Troublesome year for UK Coal

GEOLOGICAL problems, industrial action and poor operational performance all contributed to UK Coal’s 2004 operating loss of £28.7 million.
Troublesome year for UK Coal Troublesome year for UK Coal Troublesome year for UK Coal Troublesome year for UK Coal Troublesome year for UK Coal

Rossington mine, courtesy UK Coal

Angie Tomlinson

The company’s deep mines only managed 12 million tonnes output for the year, compared with 14.8Mt in 2003.

UK Coal’s chairman David Jones said 2004 had proven a difficult year for the company’s deep mines, and the results were disappointing.

Deep mines lost £37.8 million before exceptional items in 2004, a deterioration of £29.3 million compared with the previous year.

“Some of this is due to external factors, some due to internal issues that can and will be remedied. The causes of the shortfall comparing to last year can be explained and serve to demonstrate both the potential for improvement in the business and the

challenges in 2005,” UK Coal chief executive Gerry Spindler said.

Spindler said the company’s main problems included workforce disputes; inadequate equipment availability; an inability to complete underground development and construction projects on time and on budget; inadequate operating processes to handle adverse conditions at the face; an inability to maintain drivage rates sufficient to support new panel development; low priced contracts; and unforeseen geology.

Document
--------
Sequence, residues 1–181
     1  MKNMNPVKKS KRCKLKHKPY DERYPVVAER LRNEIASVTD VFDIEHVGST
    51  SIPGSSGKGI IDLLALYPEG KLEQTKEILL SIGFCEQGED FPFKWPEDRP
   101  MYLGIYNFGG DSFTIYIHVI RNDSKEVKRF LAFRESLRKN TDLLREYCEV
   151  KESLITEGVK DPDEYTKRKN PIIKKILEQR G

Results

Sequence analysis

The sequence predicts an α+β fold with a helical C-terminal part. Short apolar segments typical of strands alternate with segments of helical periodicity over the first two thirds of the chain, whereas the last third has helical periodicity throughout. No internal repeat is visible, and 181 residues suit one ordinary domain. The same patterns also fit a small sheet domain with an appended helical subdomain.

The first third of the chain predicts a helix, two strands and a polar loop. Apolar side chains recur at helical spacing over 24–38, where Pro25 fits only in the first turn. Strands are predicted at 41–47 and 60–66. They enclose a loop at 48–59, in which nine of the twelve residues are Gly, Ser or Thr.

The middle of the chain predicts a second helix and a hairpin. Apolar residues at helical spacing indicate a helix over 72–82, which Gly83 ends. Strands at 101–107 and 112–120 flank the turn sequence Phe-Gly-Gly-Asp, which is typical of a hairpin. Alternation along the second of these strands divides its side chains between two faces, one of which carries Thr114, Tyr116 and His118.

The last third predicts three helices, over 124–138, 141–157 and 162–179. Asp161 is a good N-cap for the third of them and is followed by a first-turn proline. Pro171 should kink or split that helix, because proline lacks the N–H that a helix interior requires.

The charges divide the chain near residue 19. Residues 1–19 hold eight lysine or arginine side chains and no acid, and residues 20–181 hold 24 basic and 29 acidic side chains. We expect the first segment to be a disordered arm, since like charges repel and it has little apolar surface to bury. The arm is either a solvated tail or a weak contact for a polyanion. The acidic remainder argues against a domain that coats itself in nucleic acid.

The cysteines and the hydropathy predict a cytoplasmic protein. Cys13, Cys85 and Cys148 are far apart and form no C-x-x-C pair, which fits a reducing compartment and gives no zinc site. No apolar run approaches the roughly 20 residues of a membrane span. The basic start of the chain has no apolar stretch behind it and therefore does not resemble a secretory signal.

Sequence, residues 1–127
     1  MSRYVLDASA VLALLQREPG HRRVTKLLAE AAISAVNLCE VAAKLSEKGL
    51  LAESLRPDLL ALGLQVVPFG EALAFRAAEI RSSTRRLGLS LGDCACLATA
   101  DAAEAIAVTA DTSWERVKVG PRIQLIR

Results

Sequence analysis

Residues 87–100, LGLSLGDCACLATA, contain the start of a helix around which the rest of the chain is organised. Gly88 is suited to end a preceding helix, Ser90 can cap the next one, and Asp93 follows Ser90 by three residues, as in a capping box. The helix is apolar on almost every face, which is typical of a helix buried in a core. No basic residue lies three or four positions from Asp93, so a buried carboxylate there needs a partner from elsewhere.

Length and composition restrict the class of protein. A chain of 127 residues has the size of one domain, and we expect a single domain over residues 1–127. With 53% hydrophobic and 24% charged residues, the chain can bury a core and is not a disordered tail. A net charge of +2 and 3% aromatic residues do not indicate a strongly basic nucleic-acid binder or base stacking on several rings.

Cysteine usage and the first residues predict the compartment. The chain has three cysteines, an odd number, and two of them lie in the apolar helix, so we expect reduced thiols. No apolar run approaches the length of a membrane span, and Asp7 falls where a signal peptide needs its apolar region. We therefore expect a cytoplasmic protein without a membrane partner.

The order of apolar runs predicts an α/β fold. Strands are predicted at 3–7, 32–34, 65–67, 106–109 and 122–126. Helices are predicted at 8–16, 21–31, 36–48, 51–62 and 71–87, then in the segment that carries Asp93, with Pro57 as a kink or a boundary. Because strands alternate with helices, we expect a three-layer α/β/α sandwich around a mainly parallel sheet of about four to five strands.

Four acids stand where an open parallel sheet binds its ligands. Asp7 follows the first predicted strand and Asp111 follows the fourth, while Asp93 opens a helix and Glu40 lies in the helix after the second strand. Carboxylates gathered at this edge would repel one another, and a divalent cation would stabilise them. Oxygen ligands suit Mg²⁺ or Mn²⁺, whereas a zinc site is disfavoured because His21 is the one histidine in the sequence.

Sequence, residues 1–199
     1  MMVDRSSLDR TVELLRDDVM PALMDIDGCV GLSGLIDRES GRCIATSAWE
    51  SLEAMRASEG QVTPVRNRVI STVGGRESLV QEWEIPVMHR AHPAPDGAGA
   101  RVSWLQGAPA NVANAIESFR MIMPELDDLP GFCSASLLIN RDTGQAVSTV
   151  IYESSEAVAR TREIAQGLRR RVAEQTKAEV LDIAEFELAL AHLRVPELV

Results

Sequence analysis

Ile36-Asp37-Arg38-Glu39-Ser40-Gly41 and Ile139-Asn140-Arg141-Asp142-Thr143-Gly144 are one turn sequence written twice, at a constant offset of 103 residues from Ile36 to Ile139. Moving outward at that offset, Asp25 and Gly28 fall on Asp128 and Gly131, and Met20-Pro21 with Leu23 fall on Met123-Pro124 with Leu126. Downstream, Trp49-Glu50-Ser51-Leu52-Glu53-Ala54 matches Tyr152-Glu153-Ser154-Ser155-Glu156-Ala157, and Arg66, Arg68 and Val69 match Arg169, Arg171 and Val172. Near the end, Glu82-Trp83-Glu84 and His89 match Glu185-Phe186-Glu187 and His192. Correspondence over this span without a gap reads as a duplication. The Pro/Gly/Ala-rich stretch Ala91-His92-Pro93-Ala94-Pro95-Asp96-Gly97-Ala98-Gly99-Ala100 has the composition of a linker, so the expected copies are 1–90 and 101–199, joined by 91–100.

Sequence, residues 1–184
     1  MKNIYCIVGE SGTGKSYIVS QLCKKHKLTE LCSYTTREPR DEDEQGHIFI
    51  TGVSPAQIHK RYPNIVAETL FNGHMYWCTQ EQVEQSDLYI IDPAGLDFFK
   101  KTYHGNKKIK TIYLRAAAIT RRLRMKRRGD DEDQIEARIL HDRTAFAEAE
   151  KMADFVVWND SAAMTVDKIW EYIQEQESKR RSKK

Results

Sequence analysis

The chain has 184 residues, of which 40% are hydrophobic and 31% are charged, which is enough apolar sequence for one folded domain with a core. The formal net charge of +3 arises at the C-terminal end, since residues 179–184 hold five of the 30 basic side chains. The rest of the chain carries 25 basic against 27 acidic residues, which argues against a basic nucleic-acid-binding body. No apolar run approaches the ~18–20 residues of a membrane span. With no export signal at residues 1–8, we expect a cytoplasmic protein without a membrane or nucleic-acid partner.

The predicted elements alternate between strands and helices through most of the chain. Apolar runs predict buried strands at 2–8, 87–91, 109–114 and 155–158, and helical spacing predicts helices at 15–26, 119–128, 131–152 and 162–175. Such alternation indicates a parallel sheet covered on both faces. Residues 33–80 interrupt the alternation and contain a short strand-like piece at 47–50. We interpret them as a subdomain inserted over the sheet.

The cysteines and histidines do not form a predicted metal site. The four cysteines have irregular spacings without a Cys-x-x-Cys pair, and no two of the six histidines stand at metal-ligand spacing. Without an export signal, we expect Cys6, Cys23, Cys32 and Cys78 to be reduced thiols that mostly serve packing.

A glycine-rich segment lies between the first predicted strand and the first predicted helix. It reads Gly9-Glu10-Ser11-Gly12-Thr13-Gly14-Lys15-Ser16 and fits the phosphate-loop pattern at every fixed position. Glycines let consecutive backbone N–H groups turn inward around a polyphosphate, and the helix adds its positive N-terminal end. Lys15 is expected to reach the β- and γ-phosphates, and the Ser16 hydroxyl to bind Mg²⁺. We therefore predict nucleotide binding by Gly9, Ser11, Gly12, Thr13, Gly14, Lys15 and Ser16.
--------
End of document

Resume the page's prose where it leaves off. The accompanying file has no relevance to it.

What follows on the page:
“Many of these are fundamental operating flaws, and while markets have been and

should continue to be buoyant, excellence for a coal company can only be

achieved operationally,” Spindler said.

“UK Coal has well-equipped coal mines which reflect an aggressive level of investment, an experienced and knowledgeable workforce, and the ability to achieve excellence as an ongoing business.”

He said significant progress solving the problems had already been made with new agreements reached with two colliery’s workforces, structured daily maintenance, new mine cost models, and new techniques in ground control.

“This leaves adverse geology. Many problems encountered in the business can be

laid at this door,” Spindler said.

“Indeed, three collieries, Rossington, Kellingley, and Welbeck, are suffering adverse geology today, requiring investment in the early part of 2005 in underground roadways. The process of reaching for new reserves inevitably incurs additional initial costs.”